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Pac-12 Network Olympic Sports Telecasts Impressing

July 24, 2012; Los Angeles, CA, USA; Pac-12 commissioner Larry Scott speaks to the media at PAC-12 Media Day at Universal Studios Hollywood. Mandatory Credit: Jayne Kamin-Oncea-US PRESSWIRE
July 24, 2012; Los Angeles, CA, USA; Pac-12 commissioner Larry Scott speaks to the media at PAC-12 Media Day at Universal Studios Hollywood. Mandatory Credit: Jayne Kamin-Oncea-US PRESSWIRE

All in all, carriage issues aside with networks like DirecTV and Comcast, it's been a solid week of programming for the Pac-12 Network. Probably one thing most people are wondering about: How good do the sporting events look?

I've managed to catch two games on the Pac-12 Bay Area HD channel (one field hockey, one soccer), and I've really liked the production values for both. There's generally one dominant camera at about the middle of the field, but there are also multiple cameras at the ends of the field for close-ups of players, crowd shots, and what not. They even do some instant replays!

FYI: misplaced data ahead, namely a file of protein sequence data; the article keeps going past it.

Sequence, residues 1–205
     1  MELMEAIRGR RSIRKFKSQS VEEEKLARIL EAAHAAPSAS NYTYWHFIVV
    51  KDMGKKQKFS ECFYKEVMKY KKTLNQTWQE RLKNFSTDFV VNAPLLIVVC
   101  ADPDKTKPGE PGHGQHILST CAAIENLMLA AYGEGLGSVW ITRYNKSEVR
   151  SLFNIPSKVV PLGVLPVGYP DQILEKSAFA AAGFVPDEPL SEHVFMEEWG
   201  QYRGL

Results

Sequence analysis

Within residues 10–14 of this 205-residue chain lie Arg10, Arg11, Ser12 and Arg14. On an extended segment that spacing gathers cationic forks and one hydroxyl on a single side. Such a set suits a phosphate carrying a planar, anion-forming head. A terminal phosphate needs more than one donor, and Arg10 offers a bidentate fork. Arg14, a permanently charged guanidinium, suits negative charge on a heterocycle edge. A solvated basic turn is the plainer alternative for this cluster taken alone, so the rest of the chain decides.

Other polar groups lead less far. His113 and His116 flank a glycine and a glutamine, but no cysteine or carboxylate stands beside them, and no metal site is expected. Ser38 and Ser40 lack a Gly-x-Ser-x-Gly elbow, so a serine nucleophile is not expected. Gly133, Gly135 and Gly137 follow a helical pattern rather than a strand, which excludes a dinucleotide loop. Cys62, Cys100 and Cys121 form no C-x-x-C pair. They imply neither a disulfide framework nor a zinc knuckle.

One thing I do really like is the way they manage to fill time during lulls in the action; there have been a few in-game interviews, usually with a football personality (Stanford head coach David Shaw dropped by the women's soccer game for example). There were also a few sideline interviews with coaching staff.

I know some purists would prefer it to be all the action on the field (and I'd guess the deeper we go into the season it'll focus more on the nuts and bolts), but from a TV standpoint it does seem like a good idea, particularly in sports that aren't rapid-fire in the action like soccer or field hockey. I'd imagine more standard telecasts for more quick-hitting sports like volleyball or water polo.

As for objectivity, I wouldn't say that there isn't some Pac-12 leaning, but we are still in out-of-conference matchups, so it's no big surprise our conference gets talked up more. But there isn't really any fawning over our teams like there is of NBC over U.S. Olympians or ESPN over whatever gives ESPN better ratings. The announcers are professional and the analysts seem well-versed in their sports.

In terms of TV quality, I've been very impressed. The guys in charge of television production clearly know what they're doing. I'm looking forward to the first Pac-12 Network football telecasts.